Inflation is raging everywhere, but it is the worst in Latin America – News Couple

Inflation is raging everywhere, but it is the worst in Latin America

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Inflation shocks spread the pain around the world, but nowhere is this as bad as Latin America.

Price hikes are breaching policymakers’ targets in all major economies in the region, with annual inflation this month at 6% in Chile, 6.2% in Mexico, 10.7% in Brazil and 52% in Argentina. Major Wall Street banks expect average cost-of-living increases across Latin America to end the year above 10%, the highest globally, and expect the pressure on consumer prices to extend well into 2022.

The world’s worst inflation is adding to the pain in Latin America as one of the regions hardest hit during the pandemic. While the financial support was unprecedented in many of its countries, in most places it was a fraction of the giveaway seen in the United States, Germany or Japan.

Now, as the region emerges from its worst economic crisis in two centuries, Latin Americans are staring at the prospects of low growth and rapid inflation. The economic disaster has already been a setback for poverty reduction efforts and could also fuel immigration and brain drain — workers affected by the loss of purchasing power may be more likely to head to the United States in search of better prospects.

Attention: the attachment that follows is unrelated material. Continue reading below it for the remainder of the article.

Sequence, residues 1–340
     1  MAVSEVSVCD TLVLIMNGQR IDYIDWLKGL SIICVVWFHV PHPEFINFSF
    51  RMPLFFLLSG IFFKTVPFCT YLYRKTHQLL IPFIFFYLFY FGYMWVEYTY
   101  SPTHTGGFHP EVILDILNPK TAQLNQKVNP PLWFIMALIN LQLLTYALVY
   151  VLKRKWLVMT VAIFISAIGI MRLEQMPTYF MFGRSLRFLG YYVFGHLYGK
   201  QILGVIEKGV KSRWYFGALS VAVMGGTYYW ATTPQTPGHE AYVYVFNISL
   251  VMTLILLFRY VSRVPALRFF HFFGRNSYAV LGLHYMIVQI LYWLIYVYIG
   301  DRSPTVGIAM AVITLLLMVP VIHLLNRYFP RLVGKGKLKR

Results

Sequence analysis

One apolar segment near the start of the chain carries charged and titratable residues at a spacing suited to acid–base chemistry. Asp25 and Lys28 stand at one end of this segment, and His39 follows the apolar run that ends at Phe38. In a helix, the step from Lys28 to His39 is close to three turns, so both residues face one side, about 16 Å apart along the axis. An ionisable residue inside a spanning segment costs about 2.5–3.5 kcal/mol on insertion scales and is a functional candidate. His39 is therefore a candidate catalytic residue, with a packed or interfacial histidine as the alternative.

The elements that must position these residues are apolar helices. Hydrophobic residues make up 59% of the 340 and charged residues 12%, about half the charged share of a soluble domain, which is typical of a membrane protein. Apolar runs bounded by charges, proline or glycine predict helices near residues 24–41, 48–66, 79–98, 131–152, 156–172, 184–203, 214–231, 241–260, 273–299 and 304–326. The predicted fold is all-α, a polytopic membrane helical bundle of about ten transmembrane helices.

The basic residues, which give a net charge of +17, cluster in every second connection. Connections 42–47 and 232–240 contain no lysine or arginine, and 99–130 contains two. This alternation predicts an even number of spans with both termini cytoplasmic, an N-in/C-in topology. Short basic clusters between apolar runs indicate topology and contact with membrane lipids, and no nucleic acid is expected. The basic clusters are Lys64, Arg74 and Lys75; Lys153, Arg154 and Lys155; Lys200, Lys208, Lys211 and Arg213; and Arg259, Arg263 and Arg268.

Central banks across Latin America are embarking on some of the most risky price increases in the world in response, but so far they have done little to quell expectations of ever-rising prices. One problem is that the drivers of inflation – things like global shipping bottlenecks and rising commodity costs – are unlikely to be defeated as interest rates rise. But another region-specific issue is the self-fulfilling prophecy about expectations that things will get worse, a mindset fueled by years of rapid price increases in the past decades.

“Supply shocks are not really something you can fight with monetary policy,” said Andre Luz, chief Latin American economist at Morgan Stanley in Sao Paulo. “Latin America has a longer history than most with regard to inflation and it has a very relevant impact on expectations. People have a memory of those years.”

Why inflation is scaring Latin America if not the Fed: QuickTake

Latin America’s annual inflation rate will reach 10.6% this year, according to forecasts by Citigroup Inc. , while Morgan Stanley’s estimates of the six largest growth-weighted economies also put price gains above 10%. The median forecast of economists polled by Bloomberg sees Latin America’s inflation rate at 11.9% and 10.4% this year and next, the world’s fastest price squeeze by a long time lag.

Monuments can be seen everywhere in the area. In Brazil, chicken and egg prices rose about 29% in October compared to the previous year. In Mexico, the price of cooking gas is 8.2% higher than the previous month.

Adriana Cardoso Oliveira, a 53-year-old self-employed baker from Estancia, in northeastern Brazil, says the high costs of ingredients have slashed the profits of the cakes and pastries she sells online. They are reluctant to raise the prices they charge once their costs rise, for fear of losing customers. Instead, it reduces its own spending.

“I used to buy two kilograms of meat a month, and now I buy only one,” she said in an interview. “My budget changed quickly.”